- So you have some market events which are kind of predictable. Nothing changes them. September 16, more or less is the iOS 10 release, I know it today, six months before or five months before. I already have some ads up, I know that if I am about to launch my mobile application, let's say two or three months from today, I might want to wait for June-June is just around the corner-I'm going to see the iOS 10 beta, which is public, in just a few weeks. I can already start testing on this iOS beta and make sure that whenever I am deploying my application at least I have seen some snapshot of it, of how it works on the next generation of Apple. Same with Android N, Android's next release. We already have two different previews which Google has made available. You can already execute them on real devices. All the Google Nexus devices today are able to support the developer preview of the Android N which is just going to be launched in October.
- I think that as long as you are recording your performance test from a mobile device where you have the user agent itself, you know that this was recorded on a Samsung device or an iPhone device, and you manage it correctly within the load test framework. But again, I agree with you, there are a lot of practitioners out there which are being challenged by this scenario and my recommendation to them is start small. Take one scenario on one mobile device, see that it works, it doesn't mix and confuses your other existing test scenarios from web or from other performance testing, then scale it up and try to analyze it on an ongoing basis.
- There is another approach, which I am also experiencing a lot, and this is the pre-production monitoring. It's still being done in production environments, but in a synthetic way. This is the difference between real-user monitoring and synthetic monitoring. Synthetic monitoring is also the same. But it's done in a closed lab where you can control everything. You mimic the production environment. Once the application is ready, you set a very small number of devices. You don't need too many. You take two Androids, two iPhones and so forth, and you continuously run, 24/7, your test scenarios on the most important transactions. You collect the data. The data can be performance degradation, you put some thresholds, if they exceed it you get an alert. If the application crashes, you get an alert and you get it on an ongoing basis.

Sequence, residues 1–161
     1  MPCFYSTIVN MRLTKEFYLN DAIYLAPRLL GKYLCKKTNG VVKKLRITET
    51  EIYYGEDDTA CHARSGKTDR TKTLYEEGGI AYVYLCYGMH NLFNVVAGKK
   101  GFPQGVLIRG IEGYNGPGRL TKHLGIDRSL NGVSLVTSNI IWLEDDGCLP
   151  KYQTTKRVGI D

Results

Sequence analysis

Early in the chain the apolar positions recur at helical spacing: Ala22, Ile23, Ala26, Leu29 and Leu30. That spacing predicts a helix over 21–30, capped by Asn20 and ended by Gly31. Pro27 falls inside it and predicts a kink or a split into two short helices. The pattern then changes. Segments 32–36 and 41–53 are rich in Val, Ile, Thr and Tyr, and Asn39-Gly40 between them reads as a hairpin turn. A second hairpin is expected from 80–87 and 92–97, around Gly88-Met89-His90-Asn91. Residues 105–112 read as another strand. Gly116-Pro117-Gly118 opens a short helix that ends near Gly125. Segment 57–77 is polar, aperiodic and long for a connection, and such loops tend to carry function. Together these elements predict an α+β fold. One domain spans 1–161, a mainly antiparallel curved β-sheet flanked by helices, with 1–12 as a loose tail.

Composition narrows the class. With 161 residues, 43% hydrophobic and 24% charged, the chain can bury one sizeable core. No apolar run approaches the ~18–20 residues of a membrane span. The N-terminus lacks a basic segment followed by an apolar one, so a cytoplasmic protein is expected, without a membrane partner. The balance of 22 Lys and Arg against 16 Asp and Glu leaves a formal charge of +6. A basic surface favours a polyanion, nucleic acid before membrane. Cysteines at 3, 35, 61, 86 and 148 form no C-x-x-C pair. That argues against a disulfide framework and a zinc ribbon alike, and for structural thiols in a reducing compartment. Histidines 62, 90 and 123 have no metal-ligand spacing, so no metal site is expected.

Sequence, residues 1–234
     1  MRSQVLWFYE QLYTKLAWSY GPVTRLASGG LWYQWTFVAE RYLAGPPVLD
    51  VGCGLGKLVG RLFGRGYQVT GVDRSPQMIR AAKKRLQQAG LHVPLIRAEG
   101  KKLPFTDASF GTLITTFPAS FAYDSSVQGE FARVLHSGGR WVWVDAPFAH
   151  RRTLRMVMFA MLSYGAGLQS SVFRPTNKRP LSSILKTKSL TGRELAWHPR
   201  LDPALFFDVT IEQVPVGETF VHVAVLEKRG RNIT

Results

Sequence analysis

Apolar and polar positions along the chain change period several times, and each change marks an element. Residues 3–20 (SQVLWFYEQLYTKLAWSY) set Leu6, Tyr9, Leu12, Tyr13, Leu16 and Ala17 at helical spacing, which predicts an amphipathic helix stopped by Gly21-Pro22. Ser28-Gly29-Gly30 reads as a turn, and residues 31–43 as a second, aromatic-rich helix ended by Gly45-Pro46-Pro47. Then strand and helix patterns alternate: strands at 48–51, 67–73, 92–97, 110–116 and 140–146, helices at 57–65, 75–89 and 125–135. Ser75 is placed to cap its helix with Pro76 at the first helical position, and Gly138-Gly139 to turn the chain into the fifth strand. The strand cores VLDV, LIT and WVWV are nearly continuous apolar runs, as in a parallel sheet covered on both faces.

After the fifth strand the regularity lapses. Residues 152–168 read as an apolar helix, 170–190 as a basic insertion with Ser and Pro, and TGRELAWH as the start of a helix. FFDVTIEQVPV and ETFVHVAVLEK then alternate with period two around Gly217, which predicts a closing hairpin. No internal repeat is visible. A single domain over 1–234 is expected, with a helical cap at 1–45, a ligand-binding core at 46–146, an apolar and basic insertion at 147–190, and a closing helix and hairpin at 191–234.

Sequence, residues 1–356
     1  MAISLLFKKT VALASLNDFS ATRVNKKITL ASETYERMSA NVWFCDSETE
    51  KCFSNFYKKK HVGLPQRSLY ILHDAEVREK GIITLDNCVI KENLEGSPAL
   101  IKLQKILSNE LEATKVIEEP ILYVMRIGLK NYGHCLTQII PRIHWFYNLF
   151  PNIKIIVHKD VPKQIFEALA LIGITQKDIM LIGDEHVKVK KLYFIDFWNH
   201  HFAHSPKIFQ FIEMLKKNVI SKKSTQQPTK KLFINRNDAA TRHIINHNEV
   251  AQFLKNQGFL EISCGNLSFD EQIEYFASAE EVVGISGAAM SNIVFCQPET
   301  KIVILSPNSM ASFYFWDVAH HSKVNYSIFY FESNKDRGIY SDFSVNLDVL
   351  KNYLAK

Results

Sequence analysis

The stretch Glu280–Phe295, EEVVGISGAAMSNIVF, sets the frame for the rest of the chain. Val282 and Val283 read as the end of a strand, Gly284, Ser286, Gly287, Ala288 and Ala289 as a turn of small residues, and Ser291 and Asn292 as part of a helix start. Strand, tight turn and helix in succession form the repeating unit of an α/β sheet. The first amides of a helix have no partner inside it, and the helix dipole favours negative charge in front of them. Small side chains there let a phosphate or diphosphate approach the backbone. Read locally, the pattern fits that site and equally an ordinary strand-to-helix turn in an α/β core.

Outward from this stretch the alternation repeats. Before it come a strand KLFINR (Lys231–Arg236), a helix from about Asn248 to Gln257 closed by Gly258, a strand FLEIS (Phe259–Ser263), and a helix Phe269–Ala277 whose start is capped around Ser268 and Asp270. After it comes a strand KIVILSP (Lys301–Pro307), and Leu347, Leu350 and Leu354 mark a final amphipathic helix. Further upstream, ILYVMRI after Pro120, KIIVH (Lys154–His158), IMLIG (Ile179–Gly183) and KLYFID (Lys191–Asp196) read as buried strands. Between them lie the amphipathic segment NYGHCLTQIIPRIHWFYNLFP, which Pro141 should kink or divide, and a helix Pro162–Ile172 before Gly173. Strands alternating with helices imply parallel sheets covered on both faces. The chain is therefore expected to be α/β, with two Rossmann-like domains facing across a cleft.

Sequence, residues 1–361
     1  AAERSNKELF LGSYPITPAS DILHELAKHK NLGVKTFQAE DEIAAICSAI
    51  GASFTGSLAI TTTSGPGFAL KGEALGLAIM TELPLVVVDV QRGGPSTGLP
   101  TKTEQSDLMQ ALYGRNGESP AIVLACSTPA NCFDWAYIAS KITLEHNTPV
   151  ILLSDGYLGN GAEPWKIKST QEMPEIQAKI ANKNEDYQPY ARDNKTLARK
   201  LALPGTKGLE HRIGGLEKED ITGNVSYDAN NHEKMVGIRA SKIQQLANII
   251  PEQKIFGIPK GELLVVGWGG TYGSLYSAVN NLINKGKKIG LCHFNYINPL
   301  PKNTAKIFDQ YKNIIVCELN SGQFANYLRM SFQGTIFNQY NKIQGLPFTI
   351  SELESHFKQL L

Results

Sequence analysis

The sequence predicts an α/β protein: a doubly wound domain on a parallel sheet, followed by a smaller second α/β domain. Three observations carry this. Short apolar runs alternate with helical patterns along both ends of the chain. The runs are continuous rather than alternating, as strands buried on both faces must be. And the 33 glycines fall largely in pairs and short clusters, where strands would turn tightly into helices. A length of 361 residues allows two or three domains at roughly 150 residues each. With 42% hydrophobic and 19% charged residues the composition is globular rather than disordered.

- So on top of the other pieces you talked about coverage and monitoring and non-functional, there is also the robustness of your test automation. At the end of the day, the test cycles are very limited in time. I'm hearing of cycles which need to run for 48 hours and sometimes even less. For these test scenarios or test execution cycles to be executed on an ongoing basis on every commit the developer is doing, you need to have robustness in your test automation, and one way of getting this robustness is to put more validations into your test automation scripts. It's no doubt that using object ID is the most important, either through X-Path or other identifiers, is the best way today in mobile testing. But you want to make sure that you are also visually able to analyze the expected next screen before you are moving to the next test. If you put some prerequisites between the test scenarios, and put some validation points on a visual basis, you get two in one. You get one, from one end, the ability to transition safely to the next test step. For example, after log in, you want to make sure your log in was successful, you do a visual validation. If it didn't succeed you simply stop the execution and report back the defect to the engineers, to the developers.